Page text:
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New Jersey Making Progress Toward Clean Air

Release Date: 12/01/1999
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(#99190) New York, New York -- The U.S. Environmental Protection Agency (EPA) today proposed to approve New Jersey's plan demonstrating that it will meet the current federal health-based standard for smog concentrations averaged over a one-hour period. Smog can cause acute respiratory problems, aggravate asthma, reduce lung capacity and inflame lung tissue and impair the body's immune system.

By using a combination of state and federal programs to cut air pollution, as well as committing to additional pollution reductions, New Jersey will meet the standard by the required dates of 2005 in the southern portion of the state and 2007 in the northern portion. The plan shows that programs designed to cut volatile organic compounds (VOCs) and nitrogen oxides (NOx), which combine in sunlight to form ground-level ozone or smog, have been largely successful, but further progress is needed.

"Meeting the one-hour ozone standard by the deadline is an important step toward cleaner air, but our job is not done," said Jeanne M. Fox, EPA Region 2 Administrator. "In order to continue the progress toward healthy air, we will need more controls within New Jersey's borders, as well as federal controls to stem pollution that migrates to New Jersey from other states."

"The proposed approval of this plan demonstrates that New Jersey is on the right track and its health- based goals are attainable," said New Jersey Governor Christie Whitman. "We're committed to instituting the clean air plans we need to make New Jersey the best place to live, work and raise a family, and we urge states outside of our region to similarly shoulder their share of responsibilities."

Key state and federal programs implemented within New Jersey such as requirements for the use of cleaner fuels and cleaner cars, establishment of an enhanced vehicle inspection and maintenance and controls on industries have resulted in cleaner air for New Jerseyans. In 1980, there were 53 days in New Jersey when the one-hour smog standard was violated, compared to 10 days in 1999. The EPA's finding that the state will meet the ozone standard by its deadlines assumes that critical federal pollution control programs like the Agency's proposal to cut emissions from new vehicles and to introduce a low-sulfur fuel that will burn cleaner to cut emissions from newer and older cars will be implemented. The demonstration also includes limits set by EPA on nitrogen oxides or NOx for 22 states in the Midwest, South and Northeast. The nitrogen oxide limits are vital because air pollution does not respect state boundaries and pollution from one state affects another. Without limits on pollution from midwestern and southern states, New Jersey and northeastern states will not meet the one-hour standard. The EPA action to control NOx was challenged by certain industries and has been stayed pending further action by the U.S. Court of Appeals.

"The Department of Environmental Protection has an aggressive NOx control program. We're confident we can achieve further reductions, and fulfill our obligations to protect the public and the environment," said NJDEP Commissioner Bob Shinn. "But it's clear we need the support of other states to make this happen, and we hope the court issues can be quickly resolved so we can continue our progress in improving air quality here in New Jersey."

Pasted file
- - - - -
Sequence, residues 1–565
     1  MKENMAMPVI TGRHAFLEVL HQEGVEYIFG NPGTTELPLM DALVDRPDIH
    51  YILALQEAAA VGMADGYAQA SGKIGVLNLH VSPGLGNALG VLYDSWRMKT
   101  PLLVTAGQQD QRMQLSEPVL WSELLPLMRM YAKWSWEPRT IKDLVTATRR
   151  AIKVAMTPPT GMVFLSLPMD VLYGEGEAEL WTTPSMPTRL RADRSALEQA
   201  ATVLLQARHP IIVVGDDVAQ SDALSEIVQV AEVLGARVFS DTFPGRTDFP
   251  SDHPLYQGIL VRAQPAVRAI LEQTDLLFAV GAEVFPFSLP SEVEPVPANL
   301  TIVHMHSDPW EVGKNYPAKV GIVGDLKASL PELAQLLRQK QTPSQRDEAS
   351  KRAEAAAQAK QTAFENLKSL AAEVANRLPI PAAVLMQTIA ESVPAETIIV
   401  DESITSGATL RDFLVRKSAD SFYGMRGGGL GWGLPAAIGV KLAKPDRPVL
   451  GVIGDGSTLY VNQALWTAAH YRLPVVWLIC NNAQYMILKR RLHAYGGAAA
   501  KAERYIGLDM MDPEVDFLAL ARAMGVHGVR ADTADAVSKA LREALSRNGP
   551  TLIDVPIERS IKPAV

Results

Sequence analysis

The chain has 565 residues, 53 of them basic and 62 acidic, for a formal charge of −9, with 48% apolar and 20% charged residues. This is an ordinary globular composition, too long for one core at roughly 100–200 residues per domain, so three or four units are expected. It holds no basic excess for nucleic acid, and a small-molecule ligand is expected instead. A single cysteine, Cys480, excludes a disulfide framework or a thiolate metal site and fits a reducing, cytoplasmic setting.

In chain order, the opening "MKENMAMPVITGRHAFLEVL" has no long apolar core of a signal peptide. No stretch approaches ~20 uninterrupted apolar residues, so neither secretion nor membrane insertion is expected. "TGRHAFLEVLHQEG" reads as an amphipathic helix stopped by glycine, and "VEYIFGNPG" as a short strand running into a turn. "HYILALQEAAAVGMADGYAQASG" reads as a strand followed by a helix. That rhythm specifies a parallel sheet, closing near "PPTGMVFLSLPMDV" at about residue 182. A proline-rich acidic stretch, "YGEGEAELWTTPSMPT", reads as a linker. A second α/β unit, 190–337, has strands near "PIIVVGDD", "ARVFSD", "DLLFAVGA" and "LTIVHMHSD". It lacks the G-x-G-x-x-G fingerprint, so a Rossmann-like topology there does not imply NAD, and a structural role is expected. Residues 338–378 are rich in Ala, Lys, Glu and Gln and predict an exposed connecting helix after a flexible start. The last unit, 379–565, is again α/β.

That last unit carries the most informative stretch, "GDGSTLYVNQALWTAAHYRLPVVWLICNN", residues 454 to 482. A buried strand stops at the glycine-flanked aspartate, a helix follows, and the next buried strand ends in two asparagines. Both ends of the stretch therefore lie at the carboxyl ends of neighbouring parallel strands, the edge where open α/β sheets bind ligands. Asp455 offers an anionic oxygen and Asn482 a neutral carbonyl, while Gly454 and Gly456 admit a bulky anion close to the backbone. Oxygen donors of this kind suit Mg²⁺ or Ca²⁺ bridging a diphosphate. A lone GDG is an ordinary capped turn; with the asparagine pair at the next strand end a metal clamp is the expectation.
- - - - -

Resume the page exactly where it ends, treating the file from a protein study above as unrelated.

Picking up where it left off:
"New Jersey has already adopted its nitrogen oxide limits, but these limits must also be imposed on the Midwest and South in order for northeastern states to meet our one-hour smog standard," said Fox. "New Jersey and its neighbors have shown their willingness to do what it takes, including a promise to adopt even more pollution control measures." Today's approval is also contingent upon New Jersey, Pennsylvania, New York and Connecticut implementing programs to cut smog-forming chemicals by an additional 4 to 5 percent in order to meet the one-hour standard by the required dates. New Jersey has committed to these cuts, and must choose which measures it will use to achieve them by October 31, 2001.

Today's plan, submitted to EPA by NJDEP, is related to the existing one-hour smog standard. In July 1997, EPA adopted a new standard for smog concentrations averaged over an eight-hour period, which will require further pollution cuts. This standard, based on hundreds of peer-reviewed health studies, was set to better reflect the health effects of smog. By achieving the one-hour standard, states are making good progress toward meeting this new, more protective eight-hour standard. The new standard is being challenged in court, along with the recent EPA action to control nitrogen oxide emissions from 22 states stretching from just west of the Mississippi east to the Atlantic and from Tennessee and Georgia north to Maine.

"These legal challenges jeopardize EPA's abilities to carry out its mandate under the federal Clean Air Act to protect public health," Fox added. "New Jersey has stood firmly with EPA on both the new air standards and the subsequent action to place further controls on nitrogen oxides in 22 states, including New Jersey. We've made much progress in the past 25 years, but it will take more to achieve clean healthy air for all Americans."

For more information contact:

Mary Mears, Press Office
EPA Region 2
290 Broadway
NY, NY 10007-1866
Voice: 212-637-3669 FAX: 212-637-5046 E-Mail: mears.mary@epamail.epa.gov